City will experiment with rain gardens
This summer, St. Paul Park will experiment with the installation of rain gardens to help alleviate stormwater runoff in neighborhoods that do not have storm sewers.
Rain gardens, an old technique being used for new purposes, are a means of controlling stormwater flooding and reducing pollutants that eventually flow into rivers.
"We'll start with the Dixon Drive neighborhood east and south of Pullman, near 14th Street," said Mayor John Hunziker. "If those work, we might consider implementing rain gardens in the River's Edge development."
Hunziker said the first gardens will be installed by the city's public works personnel. "We want to find out what it takes to construct a rain garden and what native plants work best," he said.
The city will work with homeowners on the project. In St. Paul Park, most streets are 36-feet wide with 22-foot public rights of way on both sides of the street.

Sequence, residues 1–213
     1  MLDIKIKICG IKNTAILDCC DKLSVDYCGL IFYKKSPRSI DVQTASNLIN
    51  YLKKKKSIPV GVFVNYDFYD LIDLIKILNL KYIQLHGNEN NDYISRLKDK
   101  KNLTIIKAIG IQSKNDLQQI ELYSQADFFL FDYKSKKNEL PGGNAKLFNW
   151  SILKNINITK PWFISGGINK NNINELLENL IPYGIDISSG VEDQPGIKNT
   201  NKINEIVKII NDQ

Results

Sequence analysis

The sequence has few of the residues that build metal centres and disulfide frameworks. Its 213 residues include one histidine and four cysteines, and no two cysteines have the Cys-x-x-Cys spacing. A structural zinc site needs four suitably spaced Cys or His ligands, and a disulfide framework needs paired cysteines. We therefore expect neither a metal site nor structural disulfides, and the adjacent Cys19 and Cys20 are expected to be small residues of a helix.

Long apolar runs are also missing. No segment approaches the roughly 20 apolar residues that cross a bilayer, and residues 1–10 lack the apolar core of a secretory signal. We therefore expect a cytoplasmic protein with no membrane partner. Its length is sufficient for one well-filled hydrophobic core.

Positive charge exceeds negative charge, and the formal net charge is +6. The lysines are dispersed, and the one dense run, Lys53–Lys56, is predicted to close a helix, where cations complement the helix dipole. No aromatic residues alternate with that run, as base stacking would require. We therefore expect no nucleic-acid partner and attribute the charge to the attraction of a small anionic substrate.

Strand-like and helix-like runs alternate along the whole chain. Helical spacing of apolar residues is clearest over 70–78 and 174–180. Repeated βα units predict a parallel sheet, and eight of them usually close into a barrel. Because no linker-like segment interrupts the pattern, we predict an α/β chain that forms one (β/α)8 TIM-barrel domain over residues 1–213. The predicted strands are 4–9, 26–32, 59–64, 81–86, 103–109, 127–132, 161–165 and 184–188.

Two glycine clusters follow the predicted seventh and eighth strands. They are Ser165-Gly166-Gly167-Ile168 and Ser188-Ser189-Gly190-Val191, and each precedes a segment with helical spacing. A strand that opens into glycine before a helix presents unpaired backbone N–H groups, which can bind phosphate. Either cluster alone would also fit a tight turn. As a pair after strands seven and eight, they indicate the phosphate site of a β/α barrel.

Other rain gardens
Rain gardens are being considered more often in south Washington County, according to Jay Riggs, manager of the Washington Conservation District, which is based in Stillwater.
Riggs recently addressed an open meeting of the Pineridge Gardening Club in mid March.
"There's a rain garden at the Cottage Grove Park and Ride parking lot and there are plans for quite a few rain gardens at the county's new South Service Center planned for Cottage Grove," Riggs said.
His agency, in place since 1942, is dedicated to preserving and protecting natural resources in the county. It also educates residents through workshops and seminars.
"Rain gardens can help mitigate the impact of development on the environment," Riggs said. "Houses and driveways are designed to shed water fast, and water runs off lawns because there is very little top soil. The soil that remains contains no organic material and is compacted so that it can't easily absorb water.
"A rain garden is a living system," Riggs said. "Pollutants are captured from the water and broken down in the soil, so that more and cleaner water is filtered into the ground."
Pollutants from suburban areas can include lawn fertilizers and pesticides, oil and other fluids that leak from cars, and harmful substances that wash off roofs and paved areas.